I am fascinated by the renewed debate between science and religion in this, the fourth century since the Enlightenment. I myself am a believer in science, but I disagree with some others of my persuasion who claim we have made a rational decision while the other side base their choice on nothing but faith.
I propose that we all come to our belief systems by the same subconscious mechanisms. We choose to believe in God or Science or both or neither to satisfy emotional imperatives that remain hidden from awareness. We are all looking for the same few subconscious needs to be met—most conspicuously, freedom from fear of the unknown, a sense of belonging, and, of course, the meaning of life.
Science makes me feel secure because it is concrete and verifiable, whereas my friend, Eloise, finds her safety in the existence of a supreme being and a religious hierarchy. Jacob is in awe in a church with sunlight streaming through stained-glass windows, while Barbara, a biochemist, gasps at the exquisite functional simplicity of a cell wall.
My spiritual friends think I am losing out on an important source of comfort by rejecting belief in an afterlife, but I prefer to get the most out of my years on earth and die feeling already fulfilled. I think that they are not taking responsibility for their own lives by relying on God, while they say that I suffer from an inability to accept support. We are each using our beliefs for our own purposes, me to feel independent and them to feel connected.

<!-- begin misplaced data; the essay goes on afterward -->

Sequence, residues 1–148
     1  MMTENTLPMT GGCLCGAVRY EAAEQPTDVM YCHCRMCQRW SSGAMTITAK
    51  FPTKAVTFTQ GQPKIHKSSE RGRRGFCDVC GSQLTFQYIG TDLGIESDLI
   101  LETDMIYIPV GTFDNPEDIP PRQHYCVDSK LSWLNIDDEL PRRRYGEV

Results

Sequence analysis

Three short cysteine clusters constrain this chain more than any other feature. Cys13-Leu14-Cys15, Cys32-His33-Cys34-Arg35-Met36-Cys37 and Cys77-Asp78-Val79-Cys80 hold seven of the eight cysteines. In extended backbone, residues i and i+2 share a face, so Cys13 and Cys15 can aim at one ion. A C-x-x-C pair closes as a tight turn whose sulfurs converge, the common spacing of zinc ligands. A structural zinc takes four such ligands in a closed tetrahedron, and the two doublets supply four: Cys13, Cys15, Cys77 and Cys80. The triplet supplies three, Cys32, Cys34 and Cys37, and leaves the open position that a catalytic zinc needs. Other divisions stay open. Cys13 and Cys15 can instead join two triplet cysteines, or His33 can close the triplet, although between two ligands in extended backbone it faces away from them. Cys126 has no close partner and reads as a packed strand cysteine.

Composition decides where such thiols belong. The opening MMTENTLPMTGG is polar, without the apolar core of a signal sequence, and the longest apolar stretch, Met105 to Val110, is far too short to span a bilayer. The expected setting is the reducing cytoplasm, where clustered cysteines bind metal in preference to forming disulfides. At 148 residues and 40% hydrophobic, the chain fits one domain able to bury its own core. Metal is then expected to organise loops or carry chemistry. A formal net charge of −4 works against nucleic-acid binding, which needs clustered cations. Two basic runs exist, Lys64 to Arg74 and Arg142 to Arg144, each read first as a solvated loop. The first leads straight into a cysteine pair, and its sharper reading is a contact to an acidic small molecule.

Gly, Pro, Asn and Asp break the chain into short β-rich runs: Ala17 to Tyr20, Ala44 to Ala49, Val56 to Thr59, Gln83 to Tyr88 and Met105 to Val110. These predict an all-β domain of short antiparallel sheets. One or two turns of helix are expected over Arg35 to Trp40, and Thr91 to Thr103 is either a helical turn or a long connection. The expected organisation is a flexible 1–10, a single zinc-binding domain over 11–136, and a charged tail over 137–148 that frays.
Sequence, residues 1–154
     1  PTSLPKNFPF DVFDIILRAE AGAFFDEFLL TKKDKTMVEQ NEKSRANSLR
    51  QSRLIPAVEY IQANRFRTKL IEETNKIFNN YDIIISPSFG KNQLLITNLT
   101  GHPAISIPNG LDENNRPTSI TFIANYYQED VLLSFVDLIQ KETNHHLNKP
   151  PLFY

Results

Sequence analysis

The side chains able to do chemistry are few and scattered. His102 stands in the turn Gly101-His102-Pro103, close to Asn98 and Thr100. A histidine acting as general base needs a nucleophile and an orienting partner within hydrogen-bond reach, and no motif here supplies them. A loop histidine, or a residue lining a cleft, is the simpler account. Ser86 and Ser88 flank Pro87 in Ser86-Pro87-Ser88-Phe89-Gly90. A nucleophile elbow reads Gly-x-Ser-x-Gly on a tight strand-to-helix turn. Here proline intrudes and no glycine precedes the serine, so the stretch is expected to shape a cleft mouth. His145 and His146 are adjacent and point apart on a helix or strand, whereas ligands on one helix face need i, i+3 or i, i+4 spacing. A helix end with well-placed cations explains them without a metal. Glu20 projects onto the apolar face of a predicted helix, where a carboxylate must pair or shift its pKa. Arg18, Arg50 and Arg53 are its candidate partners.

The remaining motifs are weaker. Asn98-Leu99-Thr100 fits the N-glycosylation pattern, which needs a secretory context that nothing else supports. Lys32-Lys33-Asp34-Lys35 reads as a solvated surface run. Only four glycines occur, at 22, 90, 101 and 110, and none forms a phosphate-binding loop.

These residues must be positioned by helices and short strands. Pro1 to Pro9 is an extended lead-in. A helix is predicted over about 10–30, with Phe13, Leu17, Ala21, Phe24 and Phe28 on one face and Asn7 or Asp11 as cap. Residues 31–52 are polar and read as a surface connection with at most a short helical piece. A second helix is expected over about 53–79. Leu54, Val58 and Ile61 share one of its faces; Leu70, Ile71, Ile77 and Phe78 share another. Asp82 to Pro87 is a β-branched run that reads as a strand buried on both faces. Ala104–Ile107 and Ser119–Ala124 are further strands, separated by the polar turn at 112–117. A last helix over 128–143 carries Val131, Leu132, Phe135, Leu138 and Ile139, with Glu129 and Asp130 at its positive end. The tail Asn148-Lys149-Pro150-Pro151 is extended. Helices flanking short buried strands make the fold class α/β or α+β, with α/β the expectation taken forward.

Although the tenets of science are determined by objective methods and those of religion come from spiritual enlightenment, the fact is that my preilection for science involves a good deal of faith. For example, I simply accept the physicists’ explanation of string theory because it is so intellectually satisfying even though I cannot possibly follow the mathematics, just as my Catholic friends accept that the priest praying in Latin is bringing them into relationship with Christ.
It has been hard for me to write this essay in a fair-minded way because of my strong bias, but this is further proof to me of my premise. Trying to convert one another by logical argument is foolhardy. While our unconscious holds sway, we can never be persuaded to give up the convictions that make us feel good—as the public relations experts are well aware.
So let us not conduct the science-religion dialog on a level that is meaningless. Let us acknowledge that, when it comes to core values, we are operating from a part of our minds that will not easily be changed.
I believe we humans are still driven a lot more by instinct and genetic predispositions than by, what Kurt Vonnegut derisively calls, our big brains, a burdensome organ used mostly to justify and build on our primal choices.
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